Clearing Out the Cobwebs and Taking a Break
When you have returned home after your appointment and your head is full and spinning from information and literature, turn on the TV, rent a movie, read a book that is non-cancer related, eat chocolate. Simply stated, be good to yourself. Take time to breath and as they say, “Mental clearance sale. Everything must go!”
I can’t tell you how many times I hear cancer patients say that they feel so confused and the word I hear the most, overwhelmed. This is so understandable and normal. You are living a normal, non-dramatic life one day and in an instant, a very second, it can all change. It seems surreal, almost melodramatic at times as you start to get the word out. That is why I say, take a break. Don’t talk the “C” word. Don’t look anything up. Go for a walk alone or hand in hand with someone. Do whatever it takes to just give everything about cancer a BIG BREAK. It doesn’t and shouldn’t run your life even though it seems to have the upper hand most of the time.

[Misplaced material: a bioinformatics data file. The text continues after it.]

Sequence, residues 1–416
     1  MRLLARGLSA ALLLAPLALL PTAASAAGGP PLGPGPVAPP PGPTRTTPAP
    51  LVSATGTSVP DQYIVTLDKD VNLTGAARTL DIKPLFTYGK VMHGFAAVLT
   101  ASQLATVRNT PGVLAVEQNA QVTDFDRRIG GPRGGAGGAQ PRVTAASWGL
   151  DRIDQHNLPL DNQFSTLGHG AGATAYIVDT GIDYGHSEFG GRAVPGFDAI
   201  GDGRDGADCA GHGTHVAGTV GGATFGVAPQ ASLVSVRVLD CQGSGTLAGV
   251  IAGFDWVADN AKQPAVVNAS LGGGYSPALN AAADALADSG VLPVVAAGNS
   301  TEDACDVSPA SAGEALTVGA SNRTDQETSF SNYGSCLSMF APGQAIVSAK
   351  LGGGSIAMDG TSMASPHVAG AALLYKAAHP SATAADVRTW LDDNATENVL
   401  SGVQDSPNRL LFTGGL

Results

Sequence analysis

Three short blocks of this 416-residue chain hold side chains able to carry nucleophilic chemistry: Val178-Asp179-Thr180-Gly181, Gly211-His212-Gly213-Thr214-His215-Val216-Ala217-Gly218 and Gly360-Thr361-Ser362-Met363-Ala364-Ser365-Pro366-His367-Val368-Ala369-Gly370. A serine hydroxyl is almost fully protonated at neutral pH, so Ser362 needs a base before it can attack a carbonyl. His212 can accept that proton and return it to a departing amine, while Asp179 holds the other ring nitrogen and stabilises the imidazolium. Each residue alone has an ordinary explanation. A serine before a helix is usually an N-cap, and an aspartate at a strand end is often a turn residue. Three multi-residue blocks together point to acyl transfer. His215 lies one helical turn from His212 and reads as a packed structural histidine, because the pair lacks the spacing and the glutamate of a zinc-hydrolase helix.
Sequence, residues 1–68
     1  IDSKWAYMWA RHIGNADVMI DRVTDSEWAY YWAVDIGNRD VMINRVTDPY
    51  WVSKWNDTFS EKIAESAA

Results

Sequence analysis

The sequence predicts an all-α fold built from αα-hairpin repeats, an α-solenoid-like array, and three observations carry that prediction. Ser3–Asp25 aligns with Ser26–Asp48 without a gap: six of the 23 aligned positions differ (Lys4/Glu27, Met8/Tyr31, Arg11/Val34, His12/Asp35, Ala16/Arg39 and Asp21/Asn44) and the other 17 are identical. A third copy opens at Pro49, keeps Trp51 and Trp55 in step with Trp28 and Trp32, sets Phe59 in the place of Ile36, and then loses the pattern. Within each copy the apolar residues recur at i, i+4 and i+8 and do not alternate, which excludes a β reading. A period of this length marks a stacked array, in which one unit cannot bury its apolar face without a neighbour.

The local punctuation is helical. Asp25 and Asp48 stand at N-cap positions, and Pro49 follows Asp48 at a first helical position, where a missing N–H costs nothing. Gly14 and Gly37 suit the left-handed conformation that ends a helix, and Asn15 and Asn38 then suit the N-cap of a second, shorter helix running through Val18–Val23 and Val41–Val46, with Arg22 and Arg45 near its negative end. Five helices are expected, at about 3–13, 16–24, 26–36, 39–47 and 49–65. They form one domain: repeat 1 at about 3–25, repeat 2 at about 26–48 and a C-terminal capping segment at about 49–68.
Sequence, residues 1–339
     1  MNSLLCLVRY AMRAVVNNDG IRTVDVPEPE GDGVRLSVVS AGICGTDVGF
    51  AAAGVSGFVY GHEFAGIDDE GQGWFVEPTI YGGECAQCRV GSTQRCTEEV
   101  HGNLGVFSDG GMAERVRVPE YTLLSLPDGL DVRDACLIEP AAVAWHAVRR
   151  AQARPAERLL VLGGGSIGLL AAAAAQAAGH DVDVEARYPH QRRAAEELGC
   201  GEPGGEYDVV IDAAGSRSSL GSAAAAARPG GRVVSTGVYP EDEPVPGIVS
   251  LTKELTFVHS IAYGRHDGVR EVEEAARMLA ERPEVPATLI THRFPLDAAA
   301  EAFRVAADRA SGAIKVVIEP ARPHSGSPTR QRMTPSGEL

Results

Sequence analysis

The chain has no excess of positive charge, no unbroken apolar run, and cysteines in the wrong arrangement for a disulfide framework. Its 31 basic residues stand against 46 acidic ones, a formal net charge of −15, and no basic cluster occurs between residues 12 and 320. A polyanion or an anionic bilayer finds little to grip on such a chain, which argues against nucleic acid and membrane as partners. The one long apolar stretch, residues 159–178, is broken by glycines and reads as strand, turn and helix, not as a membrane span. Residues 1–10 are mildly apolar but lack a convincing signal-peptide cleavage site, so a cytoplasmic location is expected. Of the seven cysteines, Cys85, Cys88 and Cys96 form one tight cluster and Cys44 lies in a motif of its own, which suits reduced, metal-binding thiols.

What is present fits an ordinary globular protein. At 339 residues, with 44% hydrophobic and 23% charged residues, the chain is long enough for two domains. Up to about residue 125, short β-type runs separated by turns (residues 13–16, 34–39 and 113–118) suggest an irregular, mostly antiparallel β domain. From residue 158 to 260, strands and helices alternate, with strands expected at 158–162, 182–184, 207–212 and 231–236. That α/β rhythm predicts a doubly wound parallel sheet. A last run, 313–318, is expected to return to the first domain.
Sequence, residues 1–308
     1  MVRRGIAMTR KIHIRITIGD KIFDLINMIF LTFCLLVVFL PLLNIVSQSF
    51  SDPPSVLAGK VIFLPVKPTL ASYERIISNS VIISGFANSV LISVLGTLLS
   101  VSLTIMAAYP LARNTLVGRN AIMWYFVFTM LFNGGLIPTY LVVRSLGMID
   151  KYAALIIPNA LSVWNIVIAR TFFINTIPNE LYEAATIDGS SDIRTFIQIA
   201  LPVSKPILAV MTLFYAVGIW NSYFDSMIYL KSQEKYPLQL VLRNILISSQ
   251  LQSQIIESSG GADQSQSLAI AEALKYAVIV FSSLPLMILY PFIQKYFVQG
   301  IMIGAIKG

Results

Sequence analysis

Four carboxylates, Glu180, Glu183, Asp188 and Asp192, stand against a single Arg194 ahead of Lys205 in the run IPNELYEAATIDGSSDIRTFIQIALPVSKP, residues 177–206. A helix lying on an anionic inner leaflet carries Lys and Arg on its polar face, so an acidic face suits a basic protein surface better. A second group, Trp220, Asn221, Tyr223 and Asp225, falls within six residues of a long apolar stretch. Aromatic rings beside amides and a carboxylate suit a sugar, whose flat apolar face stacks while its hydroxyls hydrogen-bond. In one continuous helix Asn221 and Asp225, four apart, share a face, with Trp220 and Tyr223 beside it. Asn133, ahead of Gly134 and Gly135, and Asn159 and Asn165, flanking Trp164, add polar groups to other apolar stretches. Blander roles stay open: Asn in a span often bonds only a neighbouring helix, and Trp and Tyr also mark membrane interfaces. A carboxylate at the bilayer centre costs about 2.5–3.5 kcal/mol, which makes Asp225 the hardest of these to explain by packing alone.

It’s OK to put cancer on the back-burner for a few hours.